The jury in the case reached its verdict within 30 minutes of receiving instructions from a judge following an one-sided closing argument from prosecutors for why McNeill should get the death penalty. The court then accepted the sentence.
Following the decision, the judge and Shaniya's father, Brad Lockhart, addressed McNeill.
Lockhart told McNeill from the witness stand that he made a mockery of the court by laughing and smirking.
"You didn't win," he said. "I'm just going to pray for you."
"You did not have to kill that child," the judge added.
McNeill replied, "I didn't."
The judge then told Shaniya's family, "I can't give you justice."
On Tuesday, McNeill went against the advice of his legal team and told the judge he did not want to present any evidence or call witnesses in the penalty phase of his trial.
Last week, they found the 33 year old guilty of first-degree murder.
McNeill was found not guilty of first-degree rape of a child, but guilty of first-degree kidnapping, human trafficking with a child victim, sexual servitude with a child victim, sexual offense of a child and indecent liberties with a child.
Prosecutors said in 2009, McNeill took the child from her Fayetteville home to sexually assault her at a motel in Sanford before killing her and dumping her body in an area known to be a place where deer hunters dump carcasses just off N.C. Highway 87 near the Lee-Harnett County line.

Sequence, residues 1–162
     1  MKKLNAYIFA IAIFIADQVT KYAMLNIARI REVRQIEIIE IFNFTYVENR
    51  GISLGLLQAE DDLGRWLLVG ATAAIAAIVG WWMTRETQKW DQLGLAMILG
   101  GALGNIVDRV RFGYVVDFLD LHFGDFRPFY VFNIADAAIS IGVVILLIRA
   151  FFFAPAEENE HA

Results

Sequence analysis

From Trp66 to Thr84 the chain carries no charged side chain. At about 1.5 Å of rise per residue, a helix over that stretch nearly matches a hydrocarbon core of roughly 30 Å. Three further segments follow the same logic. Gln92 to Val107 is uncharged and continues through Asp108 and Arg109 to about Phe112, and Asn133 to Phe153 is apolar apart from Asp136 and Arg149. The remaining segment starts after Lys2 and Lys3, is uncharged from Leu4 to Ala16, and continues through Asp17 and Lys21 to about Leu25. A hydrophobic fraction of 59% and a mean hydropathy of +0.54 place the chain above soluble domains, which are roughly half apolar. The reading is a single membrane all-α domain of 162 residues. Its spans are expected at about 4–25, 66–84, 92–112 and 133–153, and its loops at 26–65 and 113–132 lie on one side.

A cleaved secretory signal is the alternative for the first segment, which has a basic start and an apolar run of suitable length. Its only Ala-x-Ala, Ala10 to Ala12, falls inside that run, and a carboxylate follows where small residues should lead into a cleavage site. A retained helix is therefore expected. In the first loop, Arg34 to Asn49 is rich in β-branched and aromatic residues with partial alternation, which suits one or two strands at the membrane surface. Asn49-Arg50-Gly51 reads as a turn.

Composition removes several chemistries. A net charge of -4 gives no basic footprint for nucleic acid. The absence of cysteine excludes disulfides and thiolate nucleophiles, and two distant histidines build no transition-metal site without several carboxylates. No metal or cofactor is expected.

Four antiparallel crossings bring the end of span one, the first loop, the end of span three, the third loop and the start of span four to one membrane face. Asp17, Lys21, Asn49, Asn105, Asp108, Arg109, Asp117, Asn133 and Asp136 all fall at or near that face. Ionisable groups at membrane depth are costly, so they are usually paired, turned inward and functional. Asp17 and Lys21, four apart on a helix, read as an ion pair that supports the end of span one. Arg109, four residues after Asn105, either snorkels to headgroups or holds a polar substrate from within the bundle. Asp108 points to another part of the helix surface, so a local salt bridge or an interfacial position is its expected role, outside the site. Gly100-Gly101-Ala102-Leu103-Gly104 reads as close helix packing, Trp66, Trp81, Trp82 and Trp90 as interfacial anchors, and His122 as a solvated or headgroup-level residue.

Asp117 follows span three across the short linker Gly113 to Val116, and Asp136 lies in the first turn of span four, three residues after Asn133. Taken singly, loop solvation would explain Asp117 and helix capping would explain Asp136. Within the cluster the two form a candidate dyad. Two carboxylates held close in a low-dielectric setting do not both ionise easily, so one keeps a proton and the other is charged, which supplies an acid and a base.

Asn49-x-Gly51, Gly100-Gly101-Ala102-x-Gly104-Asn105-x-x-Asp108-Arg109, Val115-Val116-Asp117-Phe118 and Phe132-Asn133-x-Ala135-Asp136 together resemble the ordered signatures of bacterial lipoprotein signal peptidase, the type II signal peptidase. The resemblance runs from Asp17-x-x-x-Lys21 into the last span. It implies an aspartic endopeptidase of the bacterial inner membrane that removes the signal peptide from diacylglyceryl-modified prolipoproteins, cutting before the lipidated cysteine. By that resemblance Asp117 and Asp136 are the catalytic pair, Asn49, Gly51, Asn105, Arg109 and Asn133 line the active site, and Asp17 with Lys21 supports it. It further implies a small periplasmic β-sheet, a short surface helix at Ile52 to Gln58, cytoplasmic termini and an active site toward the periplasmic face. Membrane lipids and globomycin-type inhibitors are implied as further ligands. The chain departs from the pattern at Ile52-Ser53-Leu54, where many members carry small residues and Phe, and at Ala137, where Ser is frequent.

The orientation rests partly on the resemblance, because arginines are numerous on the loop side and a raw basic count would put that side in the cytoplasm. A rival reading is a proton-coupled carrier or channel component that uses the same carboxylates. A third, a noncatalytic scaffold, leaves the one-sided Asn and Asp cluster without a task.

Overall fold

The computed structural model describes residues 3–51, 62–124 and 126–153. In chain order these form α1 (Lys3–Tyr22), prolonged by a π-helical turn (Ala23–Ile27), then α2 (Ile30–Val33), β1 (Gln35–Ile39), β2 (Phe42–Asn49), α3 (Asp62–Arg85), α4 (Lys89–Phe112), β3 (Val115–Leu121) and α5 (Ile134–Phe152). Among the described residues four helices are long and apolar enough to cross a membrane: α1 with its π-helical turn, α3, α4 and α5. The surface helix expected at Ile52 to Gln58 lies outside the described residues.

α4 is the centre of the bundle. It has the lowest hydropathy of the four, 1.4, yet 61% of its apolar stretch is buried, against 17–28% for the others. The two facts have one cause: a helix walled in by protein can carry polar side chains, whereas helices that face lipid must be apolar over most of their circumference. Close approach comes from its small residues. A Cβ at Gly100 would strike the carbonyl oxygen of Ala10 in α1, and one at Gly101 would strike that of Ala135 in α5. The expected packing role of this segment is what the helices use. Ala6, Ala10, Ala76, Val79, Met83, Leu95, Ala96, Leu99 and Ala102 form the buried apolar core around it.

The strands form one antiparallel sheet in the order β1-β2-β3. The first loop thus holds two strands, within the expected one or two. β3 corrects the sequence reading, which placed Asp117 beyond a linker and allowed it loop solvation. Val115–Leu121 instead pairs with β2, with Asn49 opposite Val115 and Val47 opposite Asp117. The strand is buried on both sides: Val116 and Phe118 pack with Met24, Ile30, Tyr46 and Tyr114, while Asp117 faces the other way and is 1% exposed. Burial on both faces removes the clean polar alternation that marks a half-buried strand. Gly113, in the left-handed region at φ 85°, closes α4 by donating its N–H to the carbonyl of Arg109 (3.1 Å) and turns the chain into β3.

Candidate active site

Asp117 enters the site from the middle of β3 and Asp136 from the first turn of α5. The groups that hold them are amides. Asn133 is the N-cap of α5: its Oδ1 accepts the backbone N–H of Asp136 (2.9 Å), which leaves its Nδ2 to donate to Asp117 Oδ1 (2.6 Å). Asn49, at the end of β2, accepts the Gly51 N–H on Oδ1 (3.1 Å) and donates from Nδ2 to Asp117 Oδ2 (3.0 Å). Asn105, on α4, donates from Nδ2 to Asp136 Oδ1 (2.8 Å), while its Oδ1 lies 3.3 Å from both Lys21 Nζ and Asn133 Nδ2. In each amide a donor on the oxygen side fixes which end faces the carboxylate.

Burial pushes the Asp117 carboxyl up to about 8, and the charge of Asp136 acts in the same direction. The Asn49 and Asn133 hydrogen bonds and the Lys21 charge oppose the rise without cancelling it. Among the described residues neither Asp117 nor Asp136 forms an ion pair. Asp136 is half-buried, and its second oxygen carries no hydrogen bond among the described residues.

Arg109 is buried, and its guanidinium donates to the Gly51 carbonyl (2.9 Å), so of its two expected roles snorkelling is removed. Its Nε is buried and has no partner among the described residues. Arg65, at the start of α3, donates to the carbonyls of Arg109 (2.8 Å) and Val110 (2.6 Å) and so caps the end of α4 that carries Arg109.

District Attorney Billy West thanked the judge, jury, and community for their interest in the case.
"The case had many twists and turns, and we just stuck to the evidence that we knew we wanted to present and how we wanted to present it, and we saw that through, and fortunately justice was done in the end," West said.
The state also asked that the jury not sympathize with McNeill for not having his defense team put on a case.
Normally in such cases, both the prosecution and the defense call witnesses and present evidence during a trial's penalty phase.
"As defense lawyers, we can't help but wonder would it have made a difference if we would have been able to present mitigating evidence. [McNeill] definitely went against the advice of counsel," defense attorney Butch Pope said. "Both Terry Alford and I are a little bit empty feeling right now. Certainly it was a disappointment."
An alternate juror spoke to ABC11 after McNeill was sentenced to death. The mother of three and first grade teacher called Wednesday a bittersweet day.
"It's a happy day because they reached the verdict that I would have reached. But it's also a really hard day to not feel sadness for his family, to feel sadness for her family, and just to feel like this is finally over," said Melanie Baker. "I hope that I'll get over the hurt and the anger that it happened. I hope that lessens, but I don't think the memory will."
McNeill arrived at Central Prison in Raleigh late Wednesday afternoon.
Prosecutors have also charged Shaniya's mother, Antoinette Davis, with selling her daughter to McNeill to pay a drug debt. Davis hasn't been tried yet.